# 05 - arrays

• Chapters 5 and 6

## Array basics

• declaration and access

``````int a;  // 10 integers in contiguous memory, from 0th to 9th

a  = 100;
a  = 200;

a = 300;  // out of bounds: compiles, but runtime error
``````
• initialization

``````int a[] = { 100, 200, 300 };  // same as int a = { ...

int b = { -1 };  // b - b are initialized to zero

char c[] = "abc";  // short-hand for: char c[] = {'a','b','c','\0'};
// and it's DIFFERENT from: char *c = "abc";
``````
• multi-dimensional arrays

``````double matrix;
``````
• sizeof operator

``````int x;
int a;

printf("%d\n", sizeof(x));
printf("%d\n", sizeof(int));
printf("%d\n", sizeof(a));

printf("%d\n", sizeof(a));
``````

## Arrays and pointers

``````int a;  // 10 integers in contiguous memory, from 0th to 9th
int *p = &a;  // p points to the 1st element of a
``````
• you can access the array elements by moving the pointer: `p + 1` means `p + sizeof(*p)` in terms of number of bytes.
``````  x = *p;      // *p     is same as a
x = *(p+1);  // *(p+1) is same as a
...
x = *(p+9);  // *(p+9) is same as a

for (int i = 0; i < 10; i++)
printf("%d\n", *p++);
``````
• the array name (“a” in our example) is converted to a pointer to the 1st element in most expressions (`sizeof` is one of the exceptions)
``````  x = *a;      // *a     is same as a
x = *(a+1);  // *(a+1) is same as a
x = *(a+9);  // *(a+9) is same as a
``````

In fact, the compiler automatically converts `a[b]` to `*(a+b)`.

• but unlike a pointer, an array name is a constant, not a variable:

``````a++;  // compiler error
``````
• when an array name is passed as a function argument, it is converted to a pointer to the 1st element; the following 3 function declarations are equivalent:

``````  int foo(int a);
int foo(int a[]);
int foo(int *a);
``````
• some more examples of pointer arithmetic:

``````int *p = a;
int *q = &a;
q--;
int x = q - p;  // what is the value of x?
``````

To summarize:

These are the same:

``````a
&a
``````

And these are the same:

``````a + 5
&a;
&a + 5;
``````

And all these are same:

``````a
*a
*&a
*(a+0)
``````

``````*(0+a)
0[a]
``````

## char array, aka the string

Recall:

``````char c[] = "abc";  // short-hand for: char c[] = {'a','b','c','\0'};
``````

Everywhere else, “abc” is an expression whose value is a pointer:

``````char *p = "abc";   // p points to the 1st element of 4-char array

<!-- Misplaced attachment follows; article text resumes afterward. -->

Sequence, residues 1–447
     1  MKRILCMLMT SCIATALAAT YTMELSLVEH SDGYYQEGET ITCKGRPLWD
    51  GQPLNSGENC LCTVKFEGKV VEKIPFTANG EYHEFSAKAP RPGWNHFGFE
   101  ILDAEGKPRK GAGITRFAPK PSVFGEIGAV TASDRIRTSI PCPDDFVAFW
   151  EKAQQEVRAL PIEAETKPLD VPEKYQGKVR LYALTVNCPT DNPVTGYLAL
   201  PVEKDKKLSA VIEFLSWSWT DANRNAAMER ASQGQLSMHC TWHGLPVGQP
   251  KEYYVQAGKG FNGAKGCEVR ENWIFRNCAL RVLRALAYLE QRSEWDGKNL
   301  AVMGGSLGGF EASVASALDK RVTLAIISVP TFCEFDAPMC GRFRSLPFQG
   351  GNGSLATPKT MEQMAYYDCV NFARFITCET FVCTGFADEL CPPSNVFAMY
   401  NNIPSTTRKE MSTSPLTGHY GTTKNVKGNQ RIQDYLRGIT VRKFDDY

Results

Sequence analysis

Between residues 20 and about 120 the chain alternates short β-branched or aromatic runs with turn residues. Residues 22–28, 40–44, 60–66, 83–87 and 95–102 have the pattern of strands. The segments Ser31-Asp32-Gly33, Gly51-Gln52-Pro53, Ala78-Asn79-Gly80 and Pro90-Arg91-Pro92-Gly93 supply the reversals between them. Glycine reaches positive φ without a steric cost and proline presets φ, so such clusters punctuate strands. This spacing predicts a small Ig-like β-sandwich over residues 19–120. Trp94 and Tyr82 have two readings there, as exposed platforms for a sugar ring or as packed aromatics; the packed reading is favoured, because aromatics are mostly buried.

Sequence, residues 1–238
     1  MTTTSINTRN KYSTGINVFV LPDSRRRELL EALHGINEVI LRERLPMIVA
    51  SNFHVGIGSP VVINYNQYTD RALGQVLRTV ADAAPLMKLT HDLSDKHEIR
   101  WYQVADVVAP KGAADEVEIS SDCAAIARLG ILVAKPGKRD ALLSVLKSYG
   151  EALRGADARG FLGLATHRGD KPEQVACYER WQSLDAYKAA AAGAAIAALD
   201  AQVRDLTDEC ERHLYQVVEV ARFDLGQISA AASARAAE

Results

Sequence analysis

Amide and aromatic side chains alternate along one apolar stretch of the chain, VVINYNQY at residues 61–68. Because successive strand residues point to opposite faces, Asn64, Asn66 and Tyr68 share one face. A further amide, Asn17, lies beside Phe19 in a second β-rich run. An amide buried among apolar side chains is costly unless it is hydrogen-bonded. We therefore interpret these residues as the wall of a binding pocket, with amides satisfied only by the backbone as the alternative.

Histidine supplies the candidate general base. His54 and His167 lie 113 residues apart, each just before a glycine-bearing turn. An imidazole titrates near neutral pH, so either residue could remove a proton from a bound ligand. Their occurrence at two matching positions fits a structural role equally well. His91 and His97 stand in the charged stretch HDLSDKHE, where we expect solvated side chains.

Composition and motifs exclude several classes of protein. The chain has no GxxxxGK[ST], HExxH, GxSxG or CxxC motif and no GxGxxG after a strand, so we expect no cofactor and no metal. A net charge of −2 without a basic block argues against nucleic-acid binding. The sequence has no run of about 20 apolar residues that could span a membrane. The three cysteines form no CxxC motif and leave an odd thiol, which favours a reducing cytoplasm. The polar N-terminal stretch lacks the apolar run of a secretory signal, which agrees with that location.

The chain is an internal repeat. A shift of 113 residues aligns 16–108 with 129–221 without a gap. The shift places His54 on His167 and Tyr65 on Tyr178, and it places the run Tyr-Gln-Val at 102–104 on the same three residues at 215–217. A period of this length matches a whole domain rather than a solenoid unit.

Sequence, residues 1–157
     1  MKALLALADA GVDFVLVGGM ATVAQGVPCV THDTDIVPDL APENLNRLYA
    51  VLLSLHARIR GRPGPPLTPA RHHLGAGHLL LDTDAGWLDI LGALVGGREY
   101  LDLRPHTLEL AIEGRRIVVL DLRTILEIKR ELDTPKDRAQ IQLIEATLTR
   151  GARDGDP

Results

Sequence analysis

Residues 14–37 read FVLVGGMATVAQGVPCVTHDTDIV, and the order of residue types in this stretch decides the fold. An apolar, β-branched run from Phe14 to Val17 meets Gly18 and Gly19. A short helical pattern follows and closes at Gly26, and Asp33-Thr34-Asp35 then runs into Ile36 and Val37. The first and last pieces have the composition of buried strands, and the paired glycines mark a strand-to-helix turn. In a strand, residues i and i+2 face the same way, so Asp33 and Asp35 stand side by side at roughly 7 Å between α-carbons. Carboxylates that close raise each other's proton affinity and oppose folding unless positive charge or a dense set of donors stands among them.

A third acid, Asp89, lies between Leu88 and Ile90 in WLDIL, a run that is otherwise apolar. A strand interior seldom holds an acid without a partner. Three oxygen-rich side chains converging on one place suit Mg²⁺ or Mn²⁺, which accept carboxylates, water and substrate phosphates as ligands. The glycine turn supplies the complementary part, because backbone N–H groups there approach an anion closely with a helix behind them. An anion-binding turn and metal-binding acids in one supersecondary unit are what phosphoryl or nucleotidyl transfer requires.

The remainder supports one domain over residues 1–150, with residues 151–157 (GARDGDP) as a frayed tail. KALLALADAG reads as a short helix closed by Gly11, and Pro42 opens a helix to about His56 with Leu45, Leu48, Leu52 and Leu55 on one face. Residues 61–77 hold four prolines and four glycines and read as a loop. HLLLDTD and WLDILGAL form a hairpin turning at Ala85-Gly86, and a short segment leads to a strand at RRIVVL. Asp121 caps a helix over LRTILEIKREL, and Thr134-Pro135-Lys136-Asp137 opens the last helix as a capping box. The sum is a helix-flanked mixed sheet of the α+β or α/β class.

``````

String literals such as “abc” are stored in code section or static data section of the process memory, depending on compiler and OS.

``````*p = 'A';  // result undefined - probably segmentation fault
``````

Different ways to implement strcpy from K&R2, p105-106:

``````while ((s[i] = t[i]) != 0) i++;

while ((*s = *t) != 0) { s++; t++; }

while ((*s++ = *t++) != 0) ;
``````

## Heap memory allocation

Recall:

• stack arrays are transient
• static arrays are fixed in size

We want dynamic, yet persistent arrays.

`malloc(n)` allocates `n` bytes of memory on the heap, and returns a pointer to the beginning of the memory.

``````int *p = (int *) malloc(100 * sizeof(int));

// malloc returns NULL if it cannot allocate the requested memory
if (p == NULL) {
perror("malloc failed");
exit(1);
}

// initialize all elements to 0
for (int i = 0; i < 100; i++)
p[i] = 0;

// another way to do the same thing
memset(p, 0, 100 * sizeof(int));
``````

`free()` deallocates the memory block previously returned by malloc.

``````free(p);
``````

## Pointer to pointer

Array of pointers:

``````char *a[] = { "hello", "world" };

char **p = a;
printf("%s %s\n", p, p);

// the following is a little different
// see K&R2, p114 for an illuminating picture
char a[] = { "hello", "world" };
``````

Command line arguments are passed to `main()` as an array of char pointers. For example, when you run

``````echo hello world
``````

the following data structure is passed to main(int argc, char **argv):

``````          +-------+       +-------+
argv  |     --|-----> |     --|----> "echo"
+-------+       +-------+
|     --|----> "hello"
+-------+
|     --|----> "world"
+-------+
|   0   |
+-------+
``````

`argc` is set to 3, and `argv[argc]` is set to `NULL`.

Different ways to implement ‘echo’ program (K&R2, p115):

``````for (i = 1; i < argc; i++)
printf("%s\n", argv[i]);

while (--argc > 0)
printf("%s\n", *++argv;);

argv++;
while (*argv)
printf("%s\n", *argv++);
``````